Subject(s)
Amino Acid Substitution , COVID-19/diagnosis , SARS-CoV-2/classification , Sequence Analysis, RNA/methods , Spike Glycoprotein, Coronavirus/genetics , France , High-Throughput Nucleotide Sequencing , Humans , Models, Molecular , Nasopharynx/virology , Nigeria , Phylogeny , Protein Conformation , SARS-CoV-2/genetics , Spike Glycoprotein, Coronavirus/chemistry , Turkey
8.
Travel Med Infect Dis ; 36: 101632, 2020.
Article in English | MEDLINE | ID: covidwho-14125

ABSTRACT

BACKGROUND: Rapid virological diagnosis is needed to limit the length of isolation for suspected COVID-19 cases. METHOD: We managed the first 280 patients suspected to have COVID-19 through a rapid care circuit and virological diagnosis in our infectious disease reference hospital in Marseille, France. Rapid viral detection was performed on sputum and nasopharyngeal samples. RESULTS: Over our study period, no SARS-CoV-2 was detected. Results were obtained within approximately 3 h of the arrival of patient samples at the laboratory. Other viral infections were identified in 49% of the patients, with most common pathogens being influenza A and B viruses, rhinovirus, metapneumovirus and common coronaviruses, notably HKU1 and NL63. CONCLUSION: Early recognition of COVID-19 is critical to isolate confirmed cases and prevent further transmission. Early rule-out of COVID-19 allows public health containment measures to be adjusted by reducing the time spent in isolation.


Subject(s)
Betacoronavirus , Clinical Laboratory Techniques , Coronavirus Infections/diagnosis , Pneumonia, Viral/diagnosis , Adolescent , Adult , Aged , Aged, 80 and over , COVID-19 , COVID-19 Testing , Child , Child, Preschool , Coronavirus Infections/epidemiology , Coronavirus Infections/virology , Diagnosis, Differential , Female , France/epidemiology , Humans , Infant , Male , Middle Aged , Nasopharynx/virology , Pandemics , Pneumonia, Viral/epidemiology , Pneumonia, Viral/virology , Referral and Consultation , SARS-CoV-2 , Sputum/virology , Young Adult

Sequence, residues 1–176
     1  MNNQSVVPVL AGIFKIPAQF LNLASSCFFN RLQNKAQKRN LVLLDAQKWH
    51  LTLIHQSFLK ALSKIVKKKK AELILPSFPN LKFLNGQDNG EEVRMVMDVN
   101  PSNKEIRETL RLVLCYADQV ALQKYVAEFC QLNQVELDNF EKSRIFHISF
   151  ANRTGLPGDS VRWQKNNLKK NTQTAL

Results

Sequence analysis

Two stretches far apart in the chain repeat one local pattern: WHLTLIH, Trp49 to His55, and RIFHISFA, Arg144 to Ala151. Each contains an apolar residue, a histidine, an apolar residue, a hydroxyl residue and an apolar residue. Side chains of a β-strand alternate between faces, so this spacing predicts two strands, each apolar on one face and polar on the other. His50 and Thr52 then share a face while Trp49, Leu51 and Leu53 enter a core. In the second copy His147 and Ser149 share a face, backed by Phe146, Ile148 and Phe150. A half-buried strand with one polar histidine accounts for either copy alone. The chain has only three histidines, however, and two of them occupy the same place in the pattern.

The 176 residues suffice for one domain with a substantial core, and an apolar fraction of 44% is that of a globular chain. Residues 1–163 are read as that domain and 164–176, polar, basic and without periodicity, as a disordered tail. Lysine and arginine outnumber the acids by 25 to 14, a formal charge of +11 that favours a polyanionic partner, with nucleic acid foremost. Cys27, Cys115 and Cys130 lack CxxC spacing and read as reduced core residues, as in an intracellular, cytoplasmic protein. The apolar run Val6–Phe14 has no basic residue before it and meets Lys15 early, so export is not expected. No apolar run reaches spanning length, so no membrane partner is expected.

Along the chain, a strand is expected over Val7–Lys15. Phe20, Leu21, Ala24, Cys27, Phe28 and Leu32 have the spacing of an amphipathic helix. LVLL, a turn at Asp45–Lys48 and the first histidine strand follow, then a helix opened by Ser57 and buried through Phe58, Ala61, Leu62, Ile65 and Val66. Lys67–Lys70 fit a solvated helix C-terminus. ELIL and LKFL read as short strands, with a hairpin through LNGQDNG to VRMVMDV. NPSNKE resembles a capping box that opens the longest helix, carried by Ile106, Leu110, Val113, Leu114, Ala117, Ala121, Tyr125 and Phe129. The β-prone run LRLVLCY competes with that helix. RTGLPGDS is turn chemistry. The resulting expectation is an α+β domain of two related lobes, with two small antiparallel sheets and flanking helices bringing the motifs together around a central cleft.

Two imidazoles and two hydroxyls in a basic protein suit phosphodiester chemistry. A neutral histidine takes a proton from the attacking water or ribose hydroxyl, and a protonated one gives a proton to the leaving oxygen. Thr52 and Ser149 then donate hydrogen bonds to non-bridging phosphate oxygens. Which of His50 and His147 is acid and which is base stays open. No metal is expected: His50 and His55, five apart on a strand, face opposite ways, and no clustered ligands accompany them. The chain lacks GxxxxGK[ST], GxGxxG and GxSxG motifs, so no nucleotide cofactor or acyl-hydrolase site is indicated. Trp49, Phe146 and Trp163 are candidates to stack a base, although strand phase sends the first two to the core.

9.
Travel Med Infect Dis ; 34: 101624, 2020.
Article in English | MEDLINE | ID: covidwho-8419

ABSTRACT

BACKGROUND: An ongoing epidemic of respiratory diseases caused by a novel coronavirus (COVID 2019, SARS-CoV2) started in Wuhan, Hubei, in China at the end of December 2019. The French government decided to repatriate the 337 French nationals living in Wuhan and place them in quarantine in their home country. We decided to test them all for SARS-Cov2 twice in order to reduce anxiety among the population and decision-makers. METHODS: We investigated the presence of SARS-CoV-19 in asymptomatic carriers by testing all repatriated patients within the first 24 h of their arrival in France and at day 5. Viral RNA was extracted from pooled nasal and oropharyngeal swab fluids or sputum in the absence of nasal/oropharyngeal swabs. Detection of SARS-CoV-2 RNA was then carried out using several real-time reverse transcription (RT)-PCR assays. RESULTS: We tested 337 passengers at day 0 and day 5. All the tests for SARS-CoV2 were negative. By optimising the sampling process, sending samples sequentially and reducing the time-scale for biological analysis, we were able to test the samples within 5 h (including sampling, shipment and biological tests). CONCLUSION: Optimising our procedures reduces anxiety and reassures the population and decision makers.


Subject(s)
Coronavirus Infections/diagnosis , Pneumonia, Viral/diagnosis , Quarantine , Adolescent , Adult , Aged , Betacoronavirus , COVID-19 , COVID-19 Testing , COVID-19 Vaccines , Child , Child, Preschool , Clinical Laboratory Techniques , Female , France , Humans , Infant , Infant, Newborn , Male , Middle Aged , Nose , Pandemics , Pharynx , RNA, Viral/isolation & purification , Real-Time Polymerase Chain Reaction , Reverse Transcriptase Polymerase Chain Reaction , SARS-CoV-2 , Sputum , Travel , Young Adult